This information on electricity will apply to almost any city in Bolivia. What changes is the name of the power company that provides electricity to each city.
When you rent a home or apartment, the electricity is usually already connected in your landlord's name and is usually one of only three only basic services (including water and natural gas) that have already been set up and it may not be necessary for you to do so. You will simply take over the payments and this should be in your written contract.
The invoice you get each time you pay will be in their name.
If you should need these invoices for tax purposes, the government allows you to turn them in and deduct them even if they are not in your name because they understand it is a rental situation. However, if you buy or build your own home, the connection and invoicing must be in your name.
In addition, if you purchase a home it may already have a meter, but if it doesn’t, or if you build a home you will have to purchase a meter and contact the local electric company for connection.
The local electric company has several requirements before it will connect your meter or provide 'electricidad' to your home. The requirements to set up these basic services ('servicios básicos' or 'obras públicas') are different for residential purposes and for businesses (as are the prices). 'Electricidad' is still relatively inexpensive in Bolivia, but businesses are charged about 3 times as much as residences. You should contact the local company to ask what will be required of you in terms of paperwork or permits, but in general, you will need to show a copy of your rental contract, building permit, or even a prior water bill from the same home so the company can see the exact location, and you will also need to show your identification. There may be other requirements depending on your situation.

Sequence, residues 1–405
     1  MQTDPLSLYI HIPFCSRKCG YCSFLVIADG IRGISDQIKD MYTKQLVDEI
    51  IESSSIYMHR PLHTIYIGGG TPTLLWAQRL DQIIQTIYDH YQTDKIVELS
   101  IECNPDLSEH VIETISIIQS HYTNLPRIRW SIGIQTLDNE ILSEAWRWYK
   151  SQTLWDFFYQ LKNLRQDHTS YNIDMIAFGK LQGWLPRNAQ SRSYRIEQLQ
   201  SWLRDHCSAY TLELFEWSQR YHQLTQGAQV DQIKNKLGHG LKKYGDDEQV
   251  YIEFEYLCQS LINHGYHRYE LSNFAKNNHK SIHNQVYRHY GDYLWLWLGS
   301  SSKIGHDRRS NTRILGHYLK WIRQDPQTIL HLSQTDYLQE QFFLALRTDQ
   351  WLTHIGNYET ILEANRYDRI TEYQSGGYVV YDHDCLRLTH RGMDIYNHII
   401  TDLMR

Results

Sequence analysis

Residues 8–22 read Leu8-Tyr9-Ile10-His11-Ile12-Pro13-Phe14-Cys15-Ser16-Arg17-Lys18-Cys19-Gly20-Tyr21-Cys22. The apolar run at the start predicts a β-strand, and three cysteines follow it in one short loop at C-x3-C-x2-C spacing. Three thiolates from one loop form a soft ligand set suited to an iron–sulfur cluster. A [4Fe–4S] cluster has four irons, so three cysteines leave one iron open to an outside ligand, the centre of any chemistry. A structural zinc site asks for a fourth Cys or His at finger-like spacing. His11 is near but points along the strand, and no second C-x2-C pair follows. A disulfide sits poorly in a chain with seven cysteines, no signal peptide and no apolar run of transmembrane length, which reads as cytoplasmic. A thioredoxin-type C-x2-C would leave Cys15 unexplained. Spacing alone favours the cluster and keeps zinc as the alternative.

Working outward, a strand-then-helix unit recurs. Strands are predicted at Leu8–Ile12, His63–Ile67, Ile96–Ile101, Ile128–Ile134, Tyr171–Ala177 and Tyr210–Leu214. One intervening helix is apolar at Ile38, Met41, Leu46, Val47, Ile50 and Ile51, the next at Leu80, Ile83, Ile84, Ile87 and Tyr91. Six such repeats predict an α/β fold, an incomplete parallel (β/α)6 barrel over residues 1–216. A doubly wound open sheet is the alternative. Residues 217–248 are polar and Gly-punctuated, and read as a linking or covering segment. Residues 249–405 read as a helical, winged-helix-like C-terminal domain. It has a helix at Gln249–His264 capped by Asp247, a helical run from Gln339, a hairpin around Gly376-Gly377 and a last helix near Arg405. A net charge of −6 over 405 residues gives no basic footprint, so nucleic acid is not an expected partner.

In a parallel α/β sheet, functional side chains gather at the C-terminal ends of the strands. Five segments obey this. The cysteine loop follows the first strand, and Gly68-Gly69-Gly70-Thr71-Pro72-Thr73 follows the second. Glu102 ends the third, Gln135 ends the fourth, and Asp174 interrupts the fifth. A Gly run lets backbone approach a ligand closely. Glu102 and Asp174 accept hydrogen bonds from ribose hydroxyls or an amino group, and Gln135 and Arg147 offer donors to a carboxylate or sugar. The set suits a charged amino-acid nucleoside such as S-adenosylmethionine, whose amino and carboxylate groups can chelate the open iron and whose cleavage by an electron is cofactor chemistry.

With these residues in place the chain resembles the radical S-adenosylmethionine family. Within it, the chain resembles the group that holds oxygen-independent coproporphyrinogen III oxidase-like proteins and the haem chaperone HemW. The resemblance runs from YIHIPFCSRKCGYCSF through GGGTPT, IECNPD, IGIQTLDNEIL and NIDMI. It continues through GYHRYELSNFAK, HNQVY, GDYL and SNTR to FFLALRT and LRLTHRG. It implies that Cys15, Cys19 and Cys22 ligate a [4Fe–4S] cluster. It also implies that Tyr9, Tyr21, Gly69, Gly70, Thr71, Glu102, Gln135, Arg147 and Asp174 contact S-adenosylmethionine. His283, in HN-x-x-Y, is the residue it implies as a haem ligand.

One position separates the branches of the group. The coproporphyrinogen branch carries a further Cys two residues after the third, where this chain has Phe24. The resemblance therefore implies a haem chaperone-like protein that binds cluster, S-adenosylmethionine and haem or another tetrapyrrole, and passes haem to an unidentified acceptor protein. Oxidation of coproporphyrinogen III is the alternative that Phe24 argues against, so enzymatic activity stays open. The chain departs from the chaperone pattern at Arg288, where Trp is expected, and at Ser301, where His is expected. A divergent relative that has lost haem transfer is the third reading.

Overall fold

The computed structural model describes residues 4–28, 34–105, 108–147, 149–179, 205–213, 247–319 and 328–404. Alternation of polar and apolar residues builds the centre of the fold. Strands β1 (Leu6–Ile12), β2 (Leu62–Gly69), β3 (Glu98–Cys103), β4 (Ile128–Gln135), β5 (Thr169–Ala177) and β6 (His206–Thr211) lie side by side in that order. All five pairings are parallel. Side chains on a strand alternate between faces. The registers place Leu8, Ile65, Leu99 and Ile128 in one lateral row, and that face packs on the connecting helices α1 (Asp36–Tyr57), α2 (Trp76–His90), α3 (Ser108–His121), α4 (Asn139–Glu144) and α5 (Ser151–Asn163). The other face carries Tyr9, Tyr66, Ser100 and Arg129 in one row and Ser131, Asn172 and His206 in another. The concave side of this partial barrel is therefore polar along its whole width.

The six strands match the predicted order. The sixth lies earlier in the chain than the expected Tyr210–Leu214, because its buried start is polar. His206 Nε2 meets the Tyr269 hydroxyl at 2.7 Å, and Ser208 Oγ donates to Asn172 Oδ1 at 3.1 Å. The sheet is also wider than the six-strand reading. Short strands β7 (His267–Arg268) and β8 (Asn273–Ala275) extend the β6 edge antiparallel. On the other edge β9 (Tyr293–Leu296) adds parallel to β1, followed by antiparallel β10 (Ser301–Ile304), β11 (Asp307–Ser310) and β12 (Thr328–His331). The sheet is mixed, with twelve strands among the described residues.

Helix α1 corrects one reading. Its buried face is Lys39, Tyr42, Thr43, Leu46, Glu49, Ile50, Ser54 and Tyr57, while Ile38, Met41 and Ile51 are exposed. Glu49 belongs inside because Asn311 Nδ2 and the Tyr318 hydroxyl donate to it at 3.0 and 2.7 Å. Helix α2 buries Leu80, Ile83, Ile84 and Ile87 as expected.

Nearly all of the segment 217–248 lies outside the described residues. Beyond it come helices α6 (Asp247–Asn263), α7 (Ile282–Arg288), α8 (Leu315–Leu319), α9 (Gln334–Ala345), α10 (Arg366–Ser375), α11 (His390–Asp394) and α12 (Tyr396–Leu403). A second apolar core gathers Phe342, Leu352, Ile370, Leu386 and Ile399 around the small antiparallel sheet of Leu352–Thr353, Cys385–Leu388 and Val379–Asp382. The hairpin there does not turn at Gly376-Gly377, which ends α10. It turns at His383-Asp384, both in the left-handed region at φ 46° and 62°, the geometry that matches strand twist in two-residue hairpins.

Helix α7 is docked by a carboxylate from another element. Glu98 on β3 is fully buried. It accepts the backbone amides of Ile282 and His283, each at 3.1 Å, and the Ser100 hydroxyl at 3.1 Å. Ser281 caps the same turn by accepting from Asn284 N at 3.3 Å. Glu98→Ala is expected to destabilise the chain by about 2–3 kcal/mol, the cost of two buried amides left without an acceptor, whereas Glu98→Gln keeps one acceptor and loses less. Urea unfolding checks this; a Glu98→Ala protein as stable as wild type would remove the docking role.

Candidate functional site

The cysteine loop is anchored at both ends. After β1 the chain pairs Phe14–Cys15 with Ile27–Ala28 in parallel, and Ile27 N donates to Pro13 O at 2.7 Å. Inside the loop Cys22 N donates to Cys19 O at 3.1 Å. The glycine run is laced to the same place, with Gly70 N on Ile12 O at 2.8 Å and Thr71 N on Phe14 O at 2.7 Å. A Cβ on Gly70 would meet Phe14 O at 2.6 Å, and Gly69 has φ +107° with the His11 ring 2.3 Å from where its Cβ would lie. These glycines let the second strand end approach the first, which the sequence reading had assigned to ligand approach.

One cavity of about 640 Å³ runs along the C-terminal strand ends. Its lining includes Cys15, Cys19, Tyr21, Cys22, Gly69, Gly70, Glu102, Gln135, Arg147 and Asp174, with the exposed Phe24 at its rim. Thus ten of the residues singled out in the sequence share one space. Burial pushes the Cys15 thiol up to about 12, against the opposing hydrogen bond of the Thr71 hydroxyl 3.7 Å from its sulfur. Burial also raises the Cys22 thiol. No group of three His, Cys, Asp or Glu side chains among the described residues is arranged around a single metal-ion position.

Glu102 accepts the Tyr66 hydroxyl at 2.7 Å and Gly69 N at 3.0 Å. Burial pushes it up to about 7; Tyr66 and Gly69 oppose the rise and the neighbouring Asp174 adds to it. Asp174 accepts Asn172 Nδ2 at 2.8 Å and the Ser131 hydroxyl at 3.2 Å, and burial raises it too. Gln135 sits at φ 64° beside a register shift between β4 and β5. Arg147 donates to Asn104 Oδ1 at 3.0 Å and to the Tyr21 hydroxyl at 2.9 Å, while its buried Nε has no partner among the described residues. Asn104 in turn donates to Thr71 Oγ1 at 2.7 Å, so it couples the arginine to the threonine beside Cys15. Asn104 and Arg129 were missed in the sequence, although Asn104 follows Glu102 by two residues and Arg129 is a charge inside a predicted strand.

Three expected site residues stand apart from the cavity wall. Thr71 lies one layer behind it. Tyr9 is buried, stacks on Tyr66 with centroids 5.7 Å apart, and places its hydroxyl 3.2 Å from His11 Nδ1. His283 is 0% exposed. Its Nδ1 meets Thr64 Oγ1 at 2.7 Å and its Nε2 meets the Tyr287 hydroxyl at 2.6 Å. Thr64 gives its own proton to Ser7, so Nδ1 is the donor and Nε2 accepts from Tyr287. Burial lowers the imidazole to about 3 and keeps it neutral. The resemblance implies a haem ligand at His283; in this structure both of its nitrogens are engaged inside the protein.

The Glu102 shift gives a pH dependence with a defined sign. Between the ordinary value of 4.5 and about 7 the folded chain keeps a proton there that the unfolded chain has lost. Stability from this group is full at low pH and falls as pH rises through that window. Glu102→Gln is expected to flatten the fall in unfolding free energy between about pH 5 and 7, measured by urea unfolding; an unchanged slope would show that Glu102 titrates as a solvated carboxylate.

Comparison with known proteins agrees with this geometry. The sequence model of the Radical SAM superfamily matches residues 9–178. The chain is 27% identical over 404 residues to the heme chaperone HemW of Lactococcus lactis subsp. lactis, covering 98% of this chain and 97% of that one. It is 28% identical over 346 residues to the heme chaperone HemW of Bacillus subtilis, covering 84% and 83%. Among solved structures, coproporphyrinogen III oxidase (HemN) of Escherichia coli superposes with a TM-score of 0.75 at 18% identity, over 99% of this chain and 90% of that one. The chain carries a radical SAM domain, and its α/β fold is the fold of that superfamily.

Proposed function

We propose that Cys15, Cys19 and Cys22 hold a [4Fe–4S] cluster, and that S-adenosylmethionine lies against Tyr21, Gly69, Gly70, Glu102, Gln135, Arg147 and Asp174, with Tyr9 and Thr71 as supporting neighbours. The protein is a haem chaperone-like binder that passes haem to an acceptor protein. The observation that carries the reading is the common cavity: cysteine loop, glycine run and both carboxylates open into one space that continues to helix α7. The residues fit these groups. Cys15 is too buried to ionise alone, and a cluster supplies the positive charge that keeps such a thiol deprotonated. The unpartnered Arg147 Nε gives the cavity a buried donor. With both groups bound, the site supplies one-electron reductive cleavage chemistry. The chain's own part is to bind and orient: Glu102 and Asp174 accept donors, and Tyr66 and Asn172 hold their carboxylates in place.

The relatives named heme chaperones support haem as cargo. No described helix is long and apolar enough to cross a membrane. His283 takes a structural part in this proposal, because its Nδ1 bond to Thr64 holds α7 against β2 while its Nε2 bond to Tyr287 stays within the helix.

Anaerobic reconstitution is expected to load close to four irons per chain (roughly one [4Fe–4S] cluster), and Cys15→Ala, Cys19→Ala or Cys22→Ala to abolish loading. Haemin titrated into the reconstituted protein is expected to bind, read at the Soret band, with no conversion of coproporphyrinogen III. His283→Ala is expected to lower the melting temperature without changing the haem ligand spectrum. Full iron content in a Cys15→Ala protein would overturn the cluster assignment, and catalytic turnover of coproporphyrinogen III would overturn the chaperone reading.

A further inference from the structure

There are parts of the city (usually the outskirts that have not been fully developed and urbanized yet) where running water and electricity (and other basic services) are not yet available. Be aware of this BEFORE you rent or purchase a home or a piece of land you plan to eventually build on. This can be true even in places where homes have already been built so before you rent or buy, ASK about each and every one of the utilities, if they exist and are available, and how much is the estimated monthly cost for each one of the basic services you will be using.
all electric appliances must be 220 (in the U.S. everything is 110). This is not true of every city in Bolivia (La Paz, for example, uses 110). Therefore, 110 appliances will either not be worth bringing with you, or you will have to purchase and rely on a lot of adaptors (which convert your appliances current from 110 to 220) when you get here. I don’t suggest using too many adaptors in your home or business here. The power grid tends to get overloaded. In addition, your home’s electric installation can get overloaded – and the laws regarding inspections of electrical installations during construction are lax.
There is only one electric company in Santa Cruz, called CRE (Cooperativa Rural de Electrificación). You will be sent an “aviso de cobranza” or “pre-invoice” indicating how much you owe. You monthly bill must be paid in full each month at the local CRE office, or any
You can even pay it at some
in Santa Cruz. Your electtricity will be cut off if you are late paying your bills more than two months in a row.
CRE actively supports Hora del Planeta
Find out what we can all do to save energy and promote awareness about global warming by turning our lights off for 1 hour!
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